Our effective tax rate includes the impact of certain undistributed foreign earnings for which we have not provided U.S. taxes because we plan to reinvest such earnings indefinitely outside the United States. The decision to reinvest our foreign earnings indefinitely outside the United States is based on our projected cash flow needs as well as the working capital and long-term investment requirements of our foreign subsidiaries and our domestic operations. Material changes in our estimates of cash, working capital and long-term investment requirements in the various jurisdictions in which we do business may impact our effective tax rate.

We are subject to income taxes in the United States and foreign countries, and we are subject to routine corporate income tax audits in many of these jurisdictions. We believe that our tax return positions are fully supported, but tax authorities are likely to challenge certain positions, which may not be fully sustained. However, our income tax

 

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expense includes amounts intended to satisfy income tax assessments that result from these challenges in accordance with the accounting for uncertainty in income taxes prescribed by U.S. GAAP. Determining the income tax expense for these potential assessments and recording the related assets and liabilities requires management judgments and estimates.

We have recorded a liability for uncertain tax positions of $5.6 million at December 31, 2011. We believe that our reserve for uncertain tax positions, including related interest and penalties, is adequate. Our reserve for uncertain tax positions is primarily attributable to uncertainties concerning the tax treatment of our international operations, including the allocation of income among different jurisdictions, and any related interest. We review our reserves quarterly, and we may adjust such reserves due to proposed assessments by tax authorities, changes in facts and circumstances, issuance of new regulations or new case law, previously unavailable information obtained during the course of an examination, negotiations between tax authorities of different countries concerning our transfer prices, execution of advanced pricing agreements, resolution with respect to individual audit issues, the resolution of entire audits, or the expiration of statutes of limitations. The amounts ultimately paid upon resolution of audits may be materially different from the amounts previously included in our income tax expense and, therefore, may have a material impact on our operating results, financial position and cash flows.

Stock-Based Compensation Expense

Stock-based compensation expense for each employee and director is presented in the same income statement caption as their cash compensation. Stock-based compensation expense by income statement caption for the years ended December 31, 2011, 2010 and 2009 is the following:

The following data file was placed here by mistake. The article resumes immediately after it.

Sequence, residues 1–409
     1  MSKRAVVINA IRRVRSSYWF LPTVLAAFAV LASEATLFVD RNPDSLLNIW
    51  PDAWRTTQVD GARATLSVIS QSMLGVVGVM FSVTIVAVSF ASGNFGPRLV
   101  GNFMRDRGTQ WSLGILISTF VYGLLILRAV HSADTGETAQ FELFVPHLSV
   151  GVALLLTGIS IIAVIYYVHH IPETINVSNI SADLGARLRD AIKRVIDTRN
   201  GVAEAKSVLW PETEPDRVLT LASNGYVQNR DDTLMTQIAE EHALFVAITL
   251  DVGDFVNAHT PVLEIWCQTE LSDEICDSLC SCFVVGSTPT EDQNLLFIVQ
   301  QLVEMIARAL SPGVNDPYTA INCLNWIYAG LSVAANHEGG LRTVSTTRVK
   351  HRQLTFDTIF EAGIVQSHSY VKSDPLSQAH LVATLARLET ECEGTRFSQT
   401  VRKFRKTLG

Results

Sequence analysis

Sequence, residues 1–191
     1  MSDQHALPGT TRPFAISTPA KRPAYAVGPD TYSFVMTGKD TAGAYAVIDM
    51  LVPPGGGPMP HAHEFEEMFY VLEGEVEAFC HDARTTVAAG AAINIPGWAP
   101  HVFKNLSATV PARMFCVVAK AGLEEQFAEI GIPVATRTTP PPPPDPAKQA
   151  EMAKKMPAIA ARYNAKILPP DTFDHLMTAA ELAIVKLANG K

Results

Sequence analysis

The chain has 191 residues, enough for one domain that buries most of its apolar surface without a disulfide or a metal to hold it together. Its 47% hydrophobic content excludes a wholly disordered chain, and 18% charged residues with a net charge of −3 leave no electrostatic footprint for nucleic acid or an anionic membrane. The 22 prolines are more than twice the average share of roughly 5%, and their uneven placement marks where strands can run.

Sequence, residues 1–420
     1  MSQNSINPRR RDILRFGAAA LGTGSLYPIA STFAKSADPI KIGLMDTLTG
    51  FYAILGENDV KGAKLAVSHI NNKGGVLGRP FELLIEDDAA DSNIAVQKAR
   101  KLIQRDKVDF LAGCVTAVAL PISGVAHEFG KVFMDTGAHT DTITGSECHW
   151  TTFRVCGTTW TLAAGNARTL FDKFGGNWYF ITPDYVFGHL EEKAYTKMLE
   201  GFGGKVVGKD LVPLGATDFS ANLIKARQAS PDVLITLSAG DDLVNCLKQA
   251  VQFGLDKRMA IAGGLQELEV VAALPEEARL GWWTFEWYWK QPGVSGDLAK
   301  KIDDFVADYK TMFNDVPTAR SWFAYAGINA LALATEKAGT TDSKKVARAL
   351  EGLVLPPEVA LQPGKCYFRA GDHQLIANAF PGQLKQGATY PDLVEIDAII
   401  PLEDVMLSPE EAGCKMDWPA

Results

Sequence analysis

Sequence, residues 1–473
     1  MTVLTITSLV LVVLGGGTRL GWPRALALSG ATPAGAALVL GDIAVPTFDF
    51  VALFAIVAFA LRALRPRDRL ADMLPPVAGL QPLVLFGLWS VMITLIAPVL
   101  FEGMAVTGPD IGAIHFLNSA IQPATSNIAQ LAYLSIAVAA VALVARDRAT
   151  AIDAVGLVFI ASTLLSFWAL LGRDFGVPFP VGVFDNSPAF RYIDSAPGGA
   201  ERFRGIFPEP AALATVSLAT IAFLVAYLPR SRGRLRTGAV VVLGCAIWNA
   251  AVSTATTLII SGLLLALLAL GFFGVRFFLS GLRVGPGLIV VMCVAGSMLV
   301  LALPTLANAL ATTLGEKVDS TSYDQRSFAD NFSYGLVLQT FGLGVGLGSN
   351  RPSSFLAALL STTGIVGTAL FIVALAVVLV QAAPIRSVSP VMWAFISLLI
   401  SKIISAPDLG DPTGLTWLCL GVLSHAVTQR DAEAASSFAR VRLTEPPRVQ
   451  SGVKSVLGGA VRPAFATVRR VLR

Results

(in thousands)    2011      2010      2009  

Cost of sales

   $ 15       $ 55       $ 33   

Research and development

     267         452         434   

Selling, general and administrative

     4,229         4,459         3,845   
  

 

 

    

 

 

    

 

 

 

Total stock-based compensation expense

   $ 4,511       $ 4,966       $ 4,312   
  

 

 

    

 

 

    

 

 

 

Selling, general and administrative expense includes pre-tax stock-based compensation related to restricted stock awards granted to outside directors of $0.6 million, $0.6 million and $0.5 million for the years ended December 31, 2011, 2010 and 2009, respectively. We issue restricted stock awards to the outside directors for services performed. Compensation expense for these restricted stock awards is recognized on a straight-line basis over the requisite service period of one year.

Selling, general and administrative expense includes pre-tax stock-based compensation related to stock option awards granted to outside directors of $0.1 million, $0.3 million and $0.3 million for the years ended December 31, 2011, 2010 and 2009, respectively. We issue stock option awards to the outside directors for services performed. Compensation expense for these stock option awards is recognized on a straight-line basis over the requisite service period of three years.

Stock Option Grants

During the year ended December 31, 2011, the Compensation Committee and Board of Directors granted 107,600 stock options to our employees with an aggregate grant date fair value of $1.5 million under various stock incentive plans. The stock options granted to employees during 2011 consisted of the following:

 

(in thousands, except share amounts)                   

Stock Option

Grant Date

   Number of
Shares
Underlying
Options
     Grant
Date
Fair
Value
    

Vesting Period

January 26,2011      15,000       $ 192       4 -Year Vesting Period (25% each year)
April 6, 2011      92,600         1,286       3 -Year Vesting Period (8.33% each quarter)
  

 

 

    

 

 

    
     107,600       $ 1,478      
  

 

 

    

 

 

    

During the year ended December 31, 2011, we recognized $0.3 million of pre-tax stock-based compensation expense related to our 2011 stock option grants.

 

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At December 31, 2011, there was $2.2 million of unrecognized pre-tax stock-based compensation expense related to non-vested stock options which we expect to recognize over a weighted-average period of 2.0 years.